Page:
-Reviewed by Ian Chung–
As someone unfamiliar with L=A=N=G=U=A=G=E poetry, the publisher’s description of Two as ‘a two-part L=A=N=G=U=A=G=E excavation of the rhetoric of history’ gave me little in the way of direction as a reader. Two, as the name suggests, consists of two long poems. The first is titled ‘Poetic Fictions: A New Age Dawns At Longshoreman’s Hall, San Francisco, June 11, 1964!’, which the back cover informs me is a reference to the book On Bread & Poetry: A Panel Discussion With Gary Snyder, Lew Welch & Philip Whalen (Grey Fox Press, 1977). Once again, this is less illuminating than might be expected, unless you are already familiar with that book, or at least with the work of Snyder, Welch and Whalen.
Having said that, there is still something compelling about the experience of reading ‘Poetic Fictions’, questions of comprehension aside. At first, I tried working out whether each of the four characters (the three poets plus panel moderator, Jack Nessel) had distinct personalities or ways of speaking in the poem, but I quickly gave up because it felt, at least to me, beside the point. If Glass is ‘deconstruct[ing] the post-modern fable’ of that 1964 reading, ‘to reveal arcane power structures’, I assume this will become clearer to me once I have acquired the requisite contextual knowledge, as mentioned above. For the time being though, I am happy to take the occasional flashes of interesting language and imagery:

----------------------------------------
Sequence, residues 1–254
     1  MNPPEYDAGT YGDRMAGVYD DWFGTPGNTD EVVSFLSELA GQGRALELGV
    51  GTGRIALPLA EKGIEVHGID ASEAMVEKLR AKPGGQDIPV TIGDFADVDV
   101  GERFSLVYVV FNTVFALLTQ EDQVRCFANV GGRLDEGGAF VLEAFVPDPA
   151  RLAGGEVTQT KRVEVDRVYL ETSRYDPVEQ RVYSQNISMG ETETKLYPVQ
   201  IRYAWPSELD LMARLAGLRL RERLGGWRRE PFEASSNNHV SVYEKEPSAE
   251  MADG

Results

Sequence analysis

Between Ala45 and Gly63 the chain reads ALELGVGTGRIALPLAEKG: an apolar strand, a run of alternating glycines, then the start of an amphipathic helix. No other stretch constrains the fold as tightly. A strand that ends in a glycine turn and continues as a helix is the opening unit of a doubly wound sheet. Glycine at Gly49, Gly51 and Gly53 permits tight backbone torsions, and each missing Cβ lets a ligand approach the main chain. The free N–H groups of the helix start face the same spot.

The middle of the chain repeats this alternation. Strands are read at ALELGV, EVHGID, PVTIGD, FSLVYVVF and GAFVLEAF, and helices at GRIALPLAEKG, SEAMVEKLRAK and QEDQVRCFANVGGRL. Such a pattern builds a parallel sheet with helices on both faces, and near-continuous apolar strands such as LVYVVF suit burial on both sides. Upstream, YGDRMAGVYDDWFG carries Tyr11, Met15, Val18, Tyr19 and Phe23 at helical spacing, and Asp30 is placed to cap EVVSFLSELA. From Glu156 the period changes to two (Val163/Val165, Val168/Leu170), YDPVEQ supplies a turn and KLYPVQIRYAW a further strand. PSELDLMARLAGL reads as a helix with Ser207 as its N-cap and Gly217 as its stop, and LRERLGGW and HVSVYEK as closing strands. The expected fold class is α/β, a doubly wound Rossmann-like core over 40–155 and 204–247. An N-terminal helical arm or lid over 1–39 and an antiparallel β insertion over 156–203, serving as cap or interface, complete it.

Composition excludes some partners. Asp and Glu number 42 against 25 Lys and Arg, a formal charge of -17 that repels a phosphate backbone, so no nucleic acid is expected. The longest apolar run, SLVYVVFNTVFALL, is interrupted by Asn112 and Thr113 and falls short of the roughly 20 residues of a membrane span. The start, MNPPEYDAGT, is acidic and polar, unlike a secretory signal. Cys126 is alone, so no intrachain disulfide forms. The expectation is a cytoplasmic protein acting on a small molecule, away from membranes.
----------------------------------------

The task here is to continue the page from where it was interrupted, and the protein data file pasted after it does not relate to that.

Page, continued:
‘Walk out of your skin’s
If you gotta mambo.
One place is as good as (m)any.’
On the other hand, ‘The Hero I Evoke’, the second long poem, feels much more accessible, despite playing similar typographical games. It is clear that this is primarily a function of its underlying subject matter. According to the back cover, ‘The Hero I Evoke’ is a ‘re-working of the Gilgamesh story as told in the light of America’s Iraq interventions and the current world economic fizzle’. A good deal of punning is involved, as demonstrated in a line like ‘GodblessusMall will save us hard-earned tax dollarz’:
‘& he placed
of everything in an Awk
& when the waters
o’ finance rose & froze
we crawled in among
the shadows of this
At the end of the day, Glass’s Two is one of those works that needs to be read in order to appreciate what the poet is doing, in the sense that its linguistic complexity resists reduction to a few paragraphs in a review. Although I found it difficult, even frustrating at times, to work out what Glass was saying in Two, there is value, I think, in being forced to confront and engage with poetry that lies outside one’s comfort zone. Two certainly proved to be a challenge to me as a reader and a reviewer. However, I also came away from it feeling excited that here was someone working with language as a material in ways that would never have occurred to me. For that, The Knives Forks and Spoons Press should be commended for publishing work like Glass’s.